3 AM

Nerd-Bird dog has to get up to pee in the wee hours of the morning, so I’ve been spending some time lately standing in the backyard, 4:00 a.m., listening to the quiet of Uptown.

Do you remember Will Smith’s 1989 hit single, “Parents Just Don’t Understand?” A complicated narrative encircling the life of a teenager who is forced to wear bell-bottoms to school and later gets arrested for propositioning a “12-year-old runaway?” This was a key song of my youth. One of my biggest regrets in life is that I didn’t get out of bed the morning they finally played the music video on television. My sister tried to shake me awake, but I refused to budge from my cave under the covers.

It was so warm there. I used to be able to sleep in.

Anyway, a couple of days ago, I heaved myself out of the bed’s snugglenest to take the pup out for a pee. It was about 3:30. I stood on the back step, barefoot, bleary-eyed, as she ran to her spot under the tree and relieved herself. The neighborhood was Minnesota silent.

Then her ears perked up, and mine too, as we heard a bass beat thumping in the distance. Closer, and closer, until I heard the first bit of lyrics: “she said what’s wrong, this shirt cost twenty dollars/I said mom, the shirt is plaid/with a butterfly collar.”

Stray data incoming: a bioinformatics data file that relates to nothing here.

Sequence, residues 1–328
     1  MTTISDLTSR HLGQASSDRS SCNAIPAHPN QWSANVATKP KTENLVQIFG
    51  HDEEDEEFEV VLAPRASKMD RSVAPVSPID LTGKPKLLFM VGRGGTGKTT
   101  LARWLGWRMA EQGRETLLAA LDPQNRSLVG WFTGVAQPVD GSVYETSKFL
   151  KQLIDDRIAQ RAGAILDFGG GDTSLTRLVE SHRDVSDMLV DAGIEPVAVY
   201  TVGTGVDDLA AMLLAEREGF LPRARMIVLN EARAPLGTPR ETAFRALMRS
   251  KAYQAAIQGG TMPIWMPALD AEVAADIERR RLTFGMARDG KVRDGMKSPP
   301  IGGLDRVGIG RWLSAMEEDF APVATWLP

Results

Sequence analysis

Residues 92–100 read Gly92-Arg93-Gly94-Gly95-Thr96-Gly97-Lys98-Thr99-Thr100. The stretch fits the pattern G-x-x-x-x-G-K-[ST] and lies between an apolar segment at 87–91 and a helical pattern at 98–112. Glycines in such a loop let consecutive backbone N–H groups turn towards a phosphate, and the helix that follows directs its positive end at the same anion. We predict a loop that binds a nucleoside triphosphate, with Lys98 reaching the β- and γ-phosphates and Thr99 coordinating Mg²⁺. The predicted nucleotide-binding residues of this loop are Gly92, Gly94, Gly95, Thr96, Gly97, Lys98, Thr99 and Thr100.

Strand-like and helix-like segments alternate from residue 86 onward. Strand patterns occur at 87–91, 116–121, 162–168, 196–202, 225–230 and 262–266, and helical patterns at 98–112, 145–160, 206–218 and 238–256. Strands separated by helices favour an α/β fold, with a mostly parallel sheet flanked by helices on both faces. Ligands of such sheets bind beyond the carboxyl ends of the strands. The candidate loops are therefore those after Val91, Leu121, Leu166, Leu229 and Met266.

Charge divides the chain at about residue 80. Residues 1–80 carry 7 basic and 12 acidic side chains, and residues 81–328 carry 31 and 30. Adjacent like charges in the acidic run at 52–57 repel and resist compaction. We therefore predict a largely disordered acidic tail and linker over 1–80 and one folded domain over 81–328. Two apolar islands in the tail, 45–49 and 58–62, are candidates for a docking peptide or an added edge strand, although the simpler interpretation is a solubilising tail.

I began to sing. Will Smith!

Growing louder by the second, echoing off the brick elementary school and weaving through the lilac bushes, the song settled itself over the sleeping houses like sugar on a donut.

A hipster rode by on his bicycle, a boom box strapped on like a back pack. The volume reached a peak as he passed my pup and me, still staring, and gradually faded as he disappeared down the road.

The pup and I watched him snake away, and then we came back inside.

Strange, I thought as I climbed back into bed, are these moments of collision in life. That I woke up just in time to hear the song I slept through some twenty years ago. That I was standing on the porch the moment this piece of my childhood rode through the neighborhood. And strange that although that childhood is gone, it’s still with me every day, in every moment I find myself diving into my bed like it’s a swimming pool or moving my mouth involuntarily to the long-lost lyricism of Will Smith.

Here’s the song if you want to listen to it.

One response to “3 AM

  1. I miss you!

    Your Sister

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